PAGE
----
Lee spent the spring and summer participating in various research opportunities. Last spring, he traveled to Kuala Lumpur, Malaysia for a training program on how to synthesize biofuels and other alternative fuels from food waste. Over the summer, he, along with CSU student Jasmine Walker, worked with The Ohio State University’s Summer Research Opportunities Program (SROP) where he worked in the STRIVE Labs, which stands for Stream River and Ecology Labs. There he also investigated the release of nutrients entering the water supply and causing algal blooms. He completed a six-week internship with the Northeastern Ohio Regional Sewer District and conducted tests to assess the effectiveness of microorganisms in wastewater treatment.

“Being at Central State has been a great experience. There definitely has been a lot of opportunities,” said Lee, of Los Angeles, Calif. “CSU has more opportunities per capita than most institutions because it is small. You are able to cultivate relationships with the dean. The director of the program is my academic advisor.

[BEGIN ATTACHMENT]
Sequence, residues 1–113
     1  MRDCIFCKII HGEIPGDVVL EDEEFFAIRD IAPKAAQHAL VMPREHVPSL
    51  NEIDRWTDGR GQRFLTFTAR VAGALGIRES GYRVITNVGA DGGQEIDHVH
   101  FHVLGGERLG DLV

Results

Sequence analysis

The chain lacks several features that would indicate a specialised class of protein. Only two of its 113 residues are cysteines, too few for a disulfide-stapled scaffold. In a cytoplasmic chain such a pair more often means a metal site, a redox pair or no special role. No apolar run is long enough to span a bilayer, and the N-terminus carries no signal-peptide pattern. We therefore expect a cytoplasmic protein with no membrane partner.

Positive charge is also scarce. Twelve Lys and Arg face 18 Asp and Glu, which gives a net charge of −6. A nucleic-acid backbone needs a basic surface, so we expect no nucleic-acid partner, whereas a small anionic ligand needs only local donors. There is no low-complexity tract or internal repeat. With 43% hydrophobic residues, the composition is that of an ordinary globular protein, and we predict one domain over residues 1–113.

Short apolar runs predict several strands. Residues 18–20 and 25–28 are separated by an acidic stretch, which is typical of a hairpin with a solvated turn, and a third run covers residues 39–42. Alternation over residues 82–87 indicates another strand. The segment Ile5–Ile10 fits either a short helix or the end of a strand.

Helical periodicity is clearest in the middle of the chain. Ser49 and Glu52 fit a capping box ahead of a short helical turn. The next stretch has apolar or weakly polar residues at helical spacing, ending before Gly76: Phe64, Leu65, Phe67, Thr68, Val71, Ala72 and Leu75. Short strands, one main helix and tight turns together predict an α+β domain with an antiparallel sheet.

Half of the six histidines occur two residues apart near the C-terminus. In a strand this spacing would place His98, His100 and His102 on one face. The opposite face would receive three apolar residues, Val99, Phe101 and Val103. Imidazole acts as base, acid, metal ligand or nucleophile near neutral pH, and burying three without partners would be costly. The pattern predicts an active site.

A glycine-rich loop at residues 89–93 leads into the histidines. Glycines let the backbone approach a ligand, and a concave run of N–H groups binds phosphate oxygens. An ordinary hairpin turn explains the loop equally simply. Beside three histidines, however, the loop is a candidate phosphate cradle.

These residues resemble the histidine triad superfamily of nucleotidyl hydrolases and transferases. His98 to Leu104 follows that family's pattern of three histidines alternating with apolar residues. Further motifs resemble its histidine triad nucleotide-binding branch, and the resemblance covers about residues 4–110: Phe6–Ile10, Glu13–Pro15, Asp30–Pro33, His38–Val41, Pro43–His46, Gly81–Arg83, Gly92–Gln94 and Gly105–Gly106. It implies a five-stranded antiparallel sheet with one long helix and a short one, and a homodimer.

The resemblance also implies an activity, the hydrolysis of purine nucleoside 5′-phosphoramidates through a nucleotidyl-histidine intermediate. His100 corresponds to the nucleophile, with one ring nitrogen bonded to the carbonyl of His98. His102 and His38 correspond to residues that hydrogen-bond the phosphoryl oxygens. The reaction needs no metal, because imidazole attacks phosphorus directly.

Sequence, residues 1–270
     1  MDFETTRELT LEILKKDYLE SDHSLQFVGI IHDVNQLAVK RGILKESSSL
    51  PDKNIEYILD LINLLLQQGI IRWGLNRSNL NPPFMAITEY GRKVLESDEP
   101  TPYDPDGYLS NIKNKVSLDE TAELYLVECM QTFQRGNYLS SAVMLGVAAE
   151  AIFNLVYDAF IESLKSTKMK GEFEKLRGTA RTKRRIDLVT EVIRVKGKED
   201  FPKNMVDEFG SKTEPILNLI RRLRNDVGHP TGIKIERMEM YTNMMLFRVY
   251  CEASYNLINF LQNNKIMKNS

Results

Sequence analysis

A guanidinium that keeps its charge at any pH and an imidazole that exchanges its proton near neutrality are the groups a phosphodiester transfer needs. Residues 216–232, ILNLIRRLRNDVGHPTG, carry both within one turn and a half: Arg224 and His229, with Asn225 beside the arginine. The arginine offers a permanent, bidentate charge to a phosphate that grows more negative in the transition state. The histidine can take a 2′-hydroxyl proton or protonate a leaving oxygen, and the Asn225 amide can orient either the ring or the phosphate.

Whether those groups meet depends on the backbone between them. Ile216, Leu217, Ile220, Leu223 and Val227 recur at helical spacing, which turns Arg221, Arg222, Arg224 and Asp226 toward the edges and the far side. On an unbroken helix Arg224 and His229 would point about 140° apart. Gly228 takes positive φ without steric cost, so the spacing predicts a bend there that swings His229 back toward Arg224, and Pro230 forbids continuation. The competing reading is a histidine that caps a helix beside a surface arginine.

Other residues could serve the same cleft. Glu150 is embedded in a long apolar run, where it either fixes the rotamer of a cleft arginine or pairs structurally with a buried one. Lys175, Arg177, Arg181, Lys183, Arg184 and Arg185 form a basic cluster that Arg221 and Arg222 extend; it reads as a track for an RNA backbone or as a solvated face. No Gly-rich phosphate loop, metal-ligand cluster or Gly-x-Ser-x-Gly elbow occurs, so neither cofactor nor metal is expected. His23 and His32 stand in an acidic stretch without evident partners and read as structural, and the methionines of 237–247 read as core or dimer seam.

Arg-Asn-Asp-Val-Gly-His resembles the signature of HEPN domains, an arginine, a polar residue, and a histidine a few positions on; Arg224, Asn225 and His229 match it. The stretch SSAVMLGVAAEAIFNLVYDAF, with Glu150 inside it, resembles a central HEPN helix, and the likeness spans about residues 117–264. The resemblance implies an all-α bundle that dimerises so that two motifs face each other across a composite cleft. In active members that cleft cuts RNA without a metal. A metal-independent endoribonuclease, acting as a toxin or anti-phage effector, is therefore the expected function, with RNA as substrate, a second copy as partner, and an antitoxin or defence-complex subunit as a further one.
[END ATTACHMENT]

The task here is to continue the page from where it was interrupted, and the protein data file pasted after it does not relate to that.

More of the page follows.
“At Central State, you understand that you are a part of something greater,” Lee said. “I realize long-term I want to apply chemical engineering to solve environmental issues.”

World-Renowned Central State University Chorus To Record a Live CD

Central State University Chorus performs.

WILBERFORCE, OH. – The vocal artistry and majesty of a Central State University Chorus performance will now be available to be shared via recording as the Chorus prepares for a live-recording.

The world-acclaimed Chorus, which has performed around the world, will bring that sense of excitement and awe to new audiences so that more people in the United States can be exposed to what international audiences have witnessed, said Chorus Director Jeremy Winston. “We want to capture this great musical experience that the choir presents in concert travelling around the world and performing in world-class concert halls,” Winston said.